We read with interest the recent Best Evidence Topic (BET) report by L Varley and L Howard, ‘Trendelenburg position helps to cardiovert patients in SVT back to sinus rhythm.’[1] We are grateful that this BET highlighted the substantial benefit of using a postural modification to the Valsalva manoeuvre for re-entrant SVT[2]. However, whist we agree with the ‘Clinical Bottom Line’, we feel the title of this BET was misleading and does not reflect current evidence.

    ‘Trendelenburg position’ is typically used to describe a supine patient with the bed tilted head down below the level of the pelvis.[3] Although this position was associated with a higher rate of cardioversion in a small, uncontrolled before and after study[4], no physiological benefits of this position have been demonstrated[5] and it was not used in the REVERT trial, the largest RCT of VM modification to date.

    For clarification, in our study the Valsalva strain was conducted in the semi-sitting position with movement to the supine position with leg elevation, immediately at the end of the strain. There are plausible physiological reasons why this specific sequence of postural changes and timing of strain may improve Valsalva effectiveness as described in our paper. Although it is possible that Trendelenburg positioning after straining might further improve cardioversion rates, this has not been tested to date.

    Yours sincerely

    On behalf of the REVERT study Team

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  • Climate change and the humanitarian response

    Sir,
    You articulate and document the catalogue of evidence supporting the health impacts of climate change admirably in your editorial ‘Peering through the hourglass’ (Lemery, 2017), but the Emergency Medicine world is not as disconnected as you make out. The Red Cross Movement, known traditionally for its humanitarian action, has long had expert emergency medicine at the heart of its work on preparedness for crisis, including natural disasters such as those precipitated by climate change.
    Our international First Aid and Resuscitation Guidelines (IFRC, 2016) are based soundly on science and support the interventions of lay responders and medical professionals across the globe. Our Global First Aid app is now used in 90 countries, bespoke to each one through careful translation and cultural relevance. The British Red Cross, American Red Cross and others have developed their own additional apps, specific to the disasters that might occur, such as flooding, hurricanes and tornadoes. These, too, are rooted in clinical science and educational methodology supporting the public to learn, be prepared and be resilient.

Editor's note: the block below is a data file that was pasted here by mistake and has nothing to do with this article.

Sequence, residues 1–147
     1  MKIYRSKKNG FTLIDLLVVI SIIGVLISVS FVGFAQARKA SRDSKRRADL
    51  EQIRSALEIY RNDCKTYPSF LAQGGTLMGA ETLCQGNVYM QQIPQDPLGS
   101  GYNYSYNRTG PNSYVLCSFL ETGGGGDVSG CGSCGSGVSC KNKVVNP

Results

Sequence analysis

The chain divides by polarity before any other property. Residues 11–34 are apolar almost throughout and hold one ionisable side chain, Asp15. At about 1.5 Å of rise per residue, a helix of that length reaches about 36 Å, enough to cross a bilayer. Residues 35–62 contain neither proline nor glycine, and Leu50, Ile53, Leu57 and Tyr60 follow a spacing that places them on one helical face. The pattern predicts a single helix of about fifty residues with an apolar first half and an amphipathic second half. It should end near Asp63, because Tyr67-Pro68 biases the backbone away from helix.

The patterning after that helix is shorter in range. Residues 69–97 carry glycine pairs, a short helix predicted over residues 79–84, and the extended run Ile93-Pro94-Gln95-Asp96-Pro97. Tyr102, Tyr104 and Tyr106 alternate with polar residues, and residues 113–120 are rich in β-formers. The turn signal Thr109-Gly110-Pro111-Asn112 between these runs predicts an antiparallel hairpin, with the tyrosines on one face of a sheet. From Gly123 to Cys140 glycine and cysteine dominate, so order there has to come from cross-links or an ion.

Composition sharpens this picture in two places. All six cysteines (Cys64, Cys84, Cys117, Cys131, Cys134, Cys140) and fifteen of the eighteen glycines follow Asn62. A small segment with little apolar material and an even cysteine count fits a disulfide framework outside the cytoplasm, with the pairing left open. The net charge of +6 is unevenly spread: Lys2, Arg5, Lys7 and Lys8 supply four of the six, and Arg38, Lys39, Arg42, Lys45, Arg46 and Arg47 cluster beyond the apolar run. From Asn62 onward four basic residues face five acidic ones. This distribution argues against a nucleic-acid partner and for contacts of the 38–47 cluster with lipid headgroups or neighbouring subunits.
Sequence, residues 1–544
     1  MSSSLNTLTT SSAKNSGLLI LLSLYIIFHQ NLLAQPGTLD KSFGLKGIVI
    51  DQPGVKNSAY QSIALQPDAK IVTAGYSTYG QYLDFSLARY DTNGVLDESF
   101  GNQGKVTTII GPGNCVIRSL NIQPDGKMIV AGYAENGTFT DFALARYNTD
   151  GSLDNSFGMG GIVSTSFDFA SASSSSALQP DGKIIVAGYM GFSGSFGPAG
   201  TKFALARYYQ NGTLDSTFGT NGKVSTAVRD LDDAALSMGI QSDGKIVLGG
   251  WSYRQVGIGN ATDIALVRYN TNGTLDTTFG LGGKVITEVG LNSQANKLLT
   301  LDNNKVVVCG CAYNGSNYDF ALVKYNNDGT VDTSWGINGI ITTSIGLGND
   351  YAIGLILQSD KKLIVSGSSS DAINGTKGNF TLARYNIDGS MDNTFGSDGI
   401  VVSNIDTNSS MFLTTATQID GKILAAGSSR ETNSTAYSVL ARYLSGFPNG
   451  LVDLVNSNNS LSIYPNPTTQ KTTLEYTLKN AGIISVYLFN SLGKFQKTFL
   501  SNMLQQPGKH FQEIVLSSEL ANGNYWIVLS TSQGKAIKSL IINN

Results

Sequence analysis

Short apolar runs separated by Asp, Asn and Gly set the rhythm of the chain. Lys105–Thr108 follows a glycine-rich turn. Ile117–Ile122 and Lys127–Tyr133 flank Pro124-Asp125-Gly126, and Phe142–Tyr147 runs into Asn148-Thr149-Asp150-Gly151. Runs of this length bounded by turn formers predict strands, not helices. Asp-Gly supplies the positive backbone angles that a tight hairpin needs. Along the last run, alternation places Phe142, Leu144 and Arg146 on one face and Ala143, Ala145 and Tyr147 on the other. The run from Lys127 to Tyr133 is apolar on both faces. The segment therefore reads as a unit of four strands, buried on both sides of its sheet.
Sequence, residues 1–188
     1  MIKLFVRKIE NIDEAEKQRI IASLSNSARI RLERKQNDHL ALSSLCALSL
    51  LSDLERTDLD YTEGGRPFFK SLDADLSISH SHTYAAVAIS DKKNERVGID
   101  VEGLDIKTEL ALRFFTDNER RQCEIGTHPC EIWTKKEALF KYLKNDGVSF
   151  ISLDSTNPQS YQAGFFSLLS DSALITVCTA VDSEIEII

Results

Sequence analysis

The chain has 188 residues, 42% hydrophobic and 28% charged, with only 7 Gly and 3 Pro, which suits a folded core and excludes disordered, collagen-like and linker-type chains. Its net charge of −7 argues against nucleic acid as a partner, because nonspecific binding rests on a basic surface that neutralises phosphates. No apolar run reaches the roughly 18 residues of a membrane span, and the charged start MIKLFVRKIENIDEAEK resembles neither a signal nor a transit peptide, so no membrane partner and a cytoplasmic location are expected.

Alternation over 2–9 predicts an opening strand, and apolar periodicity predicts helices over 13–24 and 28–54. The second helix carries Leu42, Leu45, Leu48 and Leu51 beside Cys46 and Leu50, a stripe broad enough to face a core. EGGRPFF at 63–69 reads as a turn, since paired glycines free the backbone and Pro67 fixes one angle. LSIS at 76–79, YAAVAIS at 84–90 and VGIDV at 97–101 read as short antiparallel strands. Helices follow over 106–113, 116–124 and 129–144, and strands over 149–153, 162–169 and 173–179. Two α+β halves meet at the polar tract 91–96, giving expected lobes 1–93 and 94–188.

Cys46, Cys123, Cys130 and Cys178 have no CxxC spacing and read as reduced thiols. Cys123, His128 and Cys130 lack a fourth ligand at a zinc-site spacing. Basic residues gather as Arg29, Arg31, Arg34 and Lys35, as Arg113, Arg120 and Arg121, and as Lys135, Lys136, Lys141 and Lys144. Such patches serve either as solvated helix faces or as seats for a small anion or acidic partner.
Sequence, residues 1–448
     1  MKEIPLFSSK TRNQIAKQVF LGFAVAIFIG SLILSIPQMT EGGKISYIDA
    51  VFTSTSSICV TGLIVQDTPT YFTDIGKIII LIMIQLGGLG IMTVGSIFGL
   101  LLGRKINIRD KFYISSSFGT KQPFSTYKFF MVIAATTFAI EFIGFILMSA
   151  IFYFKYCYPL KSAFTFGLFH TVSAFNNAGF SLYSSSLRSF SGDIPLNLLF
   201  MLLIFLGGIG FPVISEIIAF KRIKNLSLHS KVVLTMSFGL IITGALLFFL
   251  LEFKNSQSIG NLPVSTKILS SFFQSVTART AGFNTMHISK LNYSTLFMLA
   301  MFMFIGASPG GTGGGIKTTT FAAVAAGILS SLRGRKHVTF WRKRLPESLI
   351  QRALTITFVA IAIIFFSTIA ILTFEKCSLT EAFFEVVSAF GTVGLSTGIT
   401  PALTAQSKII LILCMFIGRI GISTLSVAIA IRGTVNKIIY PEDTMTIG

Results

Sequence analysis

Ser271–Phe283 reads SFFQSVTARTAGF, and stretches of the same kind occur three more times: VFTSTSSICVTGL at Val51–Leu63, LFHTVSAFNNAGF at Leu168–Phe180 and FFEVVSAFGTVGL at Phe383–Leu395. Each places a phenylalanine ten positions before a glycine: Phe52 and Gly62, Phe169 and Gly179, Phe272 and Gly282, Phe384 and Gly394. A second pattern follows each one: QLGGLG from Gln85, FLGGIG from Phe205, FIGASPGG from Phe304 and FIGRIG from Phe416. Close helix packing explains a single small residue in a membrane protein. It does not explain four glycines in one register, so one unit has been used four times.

Beyond technology, our thousands of staff and volunteers across the world work closely with local authorities in their planning for natural disasters, ensuring systems are in place to cope with the practical realities, as well as the humanitarian care needed for those affected. This work inevitably draws attention to the humanitarian crises that...

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  • Request for information
    Jim Wardrope

    It would be useful to know the Total number of traumatic cardiac arrests treated by the system during these three years. Hard to draw conclusions on effectiveness without this figure. Also note different results in the paper Chiang W-C et all on the next page of the journal. (Emerg Med J 2017; 34: 39-45).

    Conflict of Interest:

    None declared

  • high fentanyl doses - is this an error?
    Gael J Smits

    Dear authors,

    In your intersting RCT of propofol versus midazolam sedation, you describe giving a fentanyl dose of 3mcg/kg, in conjunction with a titrated dose of propofol or midazolam.

    This appears a pretty large dose, compared to the procedural sedation literature, where the usual dose is 1 mcg/kg (min-max 0.5-2.0).[1-2]

    From previous research with propofol and midazolam in the Emergency Depa...

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  • A timely health warning.
    Anisa J N Jafar

    We thank the authors Challen and Roland for their review (1) which highlights a very important issue faced daily in our Emergency Departments.

    The use of, and more importantly, reliance on the Early Warning Score (EWS) carries risk as up to 1:3 patients admitted to ICU from ED will not score highly on the EWS (2). Clinician opinion may prove a superior assessment tool; this is not adequately explored. Experien...

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  • The Golden Rule
    Thomas Benzoni

    Dr. Basu et al. make an interesting observation: if you kick the dog, eventually he will bite the mailman. How is it we think we can treat the workers without compassion or empathy while expecting them to treat the patients with these same virtues, ones we don't practice?

    This article and an ever-expanding body of literature make it clear: we must treat our staff in the same way we expect them to treat patients....